in ) A panel FRU L (1 − FR ) (2. however. In comparison to the classical fin-tube model developed by Heid and Kollmar (1943). Hadlock (2004) studied the possibility that the flat plate solar collector model could be used for radiant heating applications. the authors showed that using the solar collector model of Hottel. however.2) & where: m is the mass flow rate of the panel Cp is the specific heat of water Tf. Hadlock showed that the flat plate collector model was within 13% of the predicted heat output.mean = T f . with the previously presented solutions or any experimental data.2) (Xia et al. leading to the desire to develop a test chamber to determine actual radiant panel heat outputs under known conditions.. 2005). Whillier and Bliss (1958) the mean panel temperature could be calculated as follows: T p .2.out − T f . As the analytical models were compared to heating performance curves provided by Sigma Convectors (Sigma. In 2005 the solar absorber model was further improved by modeling radiant cooling panels with heat conducting rails (HCR) (Figure 2. the results were only within 40% of actual values.similarly to flat plate solar collectors. They never verified this model.out are the inlet and outlet fluid temperatures respectively Apanel is the surface area of the panel Fr is the heat removal factor UL is the overall heat transfer coefficient B B B B B B B B B B B B The authors went on to use this model to show how effective radiant cooling ceiling panels could be in the North American climate.in + & mC p (T f . 2004). Similar to the previously developed models. an equation was developed that was used to predict the radiant panel 10 . It accounts. The analysis is very similar to the existing solar collector model.in and Tf. for the heat transfer through the heat conducting rail in Equation 2.

2: Cross-section of a Radiant Panel with Heat Conducting Rails Each of the preceding models require an overall heat transfer coefficient that includes radiative and convective heat transfer.2 Existing Radiant Interchange Models To determine the net radiative heat transfer in an enclosure. " 4 q rad = ∑ σF panel − j (T panel − T j4 ) j =1 n (2. Sections 2. Again.temperature based on a mean water temperature (MWT).3 will review existing methods and correlations used to calculate an overall heat transfer coefficient. this method was not validated. minimizing the need for complex view factor calculations. 2.2 and 2. 11 . the fundamental radiative heat transfer equation can be used.3) where: σ is the Stefan – Boltzman constant n is the number of surfaces Fpanel-j is view factor between panel surface and surrounding surface j Tpanel is the radiant panel temperature Tj is the surrounding surface temperature B B B B B B Several models have been developed to simplify the net radiative heat transfer calculation. Panel Tubing HCR Clip Figure 2.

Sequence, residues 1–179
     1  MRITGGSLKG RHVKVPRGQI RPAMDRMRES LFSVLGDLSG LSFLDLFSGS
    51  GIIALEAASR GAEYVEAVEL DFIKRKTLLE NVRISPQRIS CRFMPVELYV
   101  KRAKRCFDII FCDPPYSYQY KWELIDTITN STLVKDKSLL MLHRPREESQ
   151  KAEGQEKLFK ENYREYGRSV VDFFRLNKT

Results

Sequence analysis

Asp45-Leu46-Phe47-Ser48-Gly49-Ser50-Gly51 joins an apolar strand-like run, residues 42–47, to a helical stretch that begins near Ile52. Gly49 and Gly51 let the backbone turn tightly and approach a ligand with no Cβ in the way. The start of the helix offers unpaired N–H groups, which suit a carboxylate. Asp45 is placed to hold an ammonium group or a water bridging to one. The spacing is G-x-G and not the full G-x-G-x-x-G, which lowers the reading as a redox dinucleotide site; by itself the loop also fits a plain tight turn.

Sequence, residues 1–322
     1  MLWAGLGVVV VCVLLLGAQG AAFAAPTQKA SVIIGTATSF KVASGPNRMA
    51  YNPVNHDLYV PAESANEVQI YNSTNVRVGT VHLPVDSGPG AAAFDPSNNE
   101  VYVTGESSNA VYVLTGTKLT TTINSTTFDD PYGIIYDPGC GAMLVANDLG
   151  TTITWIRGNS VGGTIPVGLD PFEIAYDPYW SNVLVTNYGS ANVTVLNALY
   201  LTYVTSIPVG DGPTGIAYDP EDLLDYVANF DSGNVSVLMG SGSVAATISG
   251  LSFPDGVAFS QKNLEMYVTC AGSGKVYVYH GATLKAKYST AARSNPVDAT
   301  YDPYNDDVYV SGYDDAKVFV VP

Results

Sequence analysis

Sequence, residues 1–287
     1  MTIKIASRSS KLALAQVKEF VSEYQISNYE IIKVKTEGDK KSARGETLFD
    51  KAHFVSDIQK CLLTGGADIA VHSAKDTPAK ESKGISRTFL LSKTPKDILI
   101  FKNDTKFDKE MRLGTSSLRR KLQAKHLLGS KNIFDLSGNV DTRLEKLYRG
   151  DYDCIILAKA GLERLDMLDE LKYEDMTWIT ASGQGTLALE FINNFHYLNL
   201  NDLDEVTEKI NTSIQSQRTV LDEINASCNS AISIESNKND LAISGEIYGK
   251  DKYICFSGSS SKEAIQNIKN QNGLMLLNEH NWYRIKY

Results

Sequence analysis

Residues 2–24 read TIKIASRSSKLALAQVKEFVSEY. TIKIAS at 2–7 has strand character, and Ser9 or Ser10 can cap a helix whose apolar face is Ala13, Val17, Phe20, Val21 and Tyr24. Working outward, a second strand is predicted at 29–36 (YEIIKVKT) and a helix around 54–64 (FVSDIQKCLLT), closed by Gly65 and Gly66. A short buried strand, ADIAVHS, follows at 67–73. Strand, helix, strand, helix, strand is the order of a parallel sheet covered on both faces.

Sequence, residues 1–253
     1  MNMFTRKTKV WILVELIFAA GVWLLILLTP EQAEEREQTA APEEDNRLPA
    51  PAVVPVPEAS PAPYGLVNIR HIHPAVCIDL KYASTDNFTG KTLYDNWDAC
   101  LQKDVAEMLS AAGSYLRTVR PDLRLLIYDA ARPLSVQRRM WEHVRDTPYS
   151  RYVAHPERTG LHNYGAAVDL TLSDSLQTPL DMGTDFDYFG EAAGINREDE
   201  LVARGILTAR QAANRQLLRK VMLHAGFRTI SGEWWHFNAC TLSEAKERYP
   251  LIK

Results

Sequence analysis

Using the MRT equation developed by Walton (1980). To improve the accuracy of the MRT method. but is more accurate than the previous uncorrected MRT method. (1989). which predicted the radiant interchange between surfaces in a room. 12 .Walton (1980) presented an algorithm. that this method is only applicable for cases where the temperature difference between the radiant panel and surrounding enclosure surfaces is not great. known as the mean radiant temperature (MRT) method.4) This method required more computational time because of view factor calculations. the panel heat flux was shown to be: ⎡⎛ n ⎢⎜ ∑ A j T j ⎜ j ≠i = σ ⎢⎜ n ⎢ ⎢⎜ ∑ A j ⎜ ⎢⎝ j ≠i ⎣ 4 ⎤ ⎞ ⎟ ⎥ n 4⎥ ⎟ ⎟ − ∑ F panel − j T j ⎥ j ≠i ⎟ ⎥ ⎟ ⎥ ⎠ ⎦ " q rad (2.3 Existing Convective Heat Transfer Models Limited research has been done to determine the convective heat transfer coefficient from radiant ceiling panels because it is typically deemed to be negligible. temperature gradients below the panel were measured for three different sized rooms. and adding a correction component accounting for exact view factors. This method assumes a fictitious surface represented the surrounding enclosure with a similar temperature and emissivity as the enclosure it replaced. The earliest study on convective heat transfer was done in 1956 in the American Society of Heating and Ventilating Engineers (ASHVE) environment laboratory by Min et al. 2. however. an MRT correction method was presented by Steinman et al. To determine the convective heat transfer from a radiant ceiling panel. This method simplifies a system greatly because only two surfaces need to be analysed. (1956). It has been shown.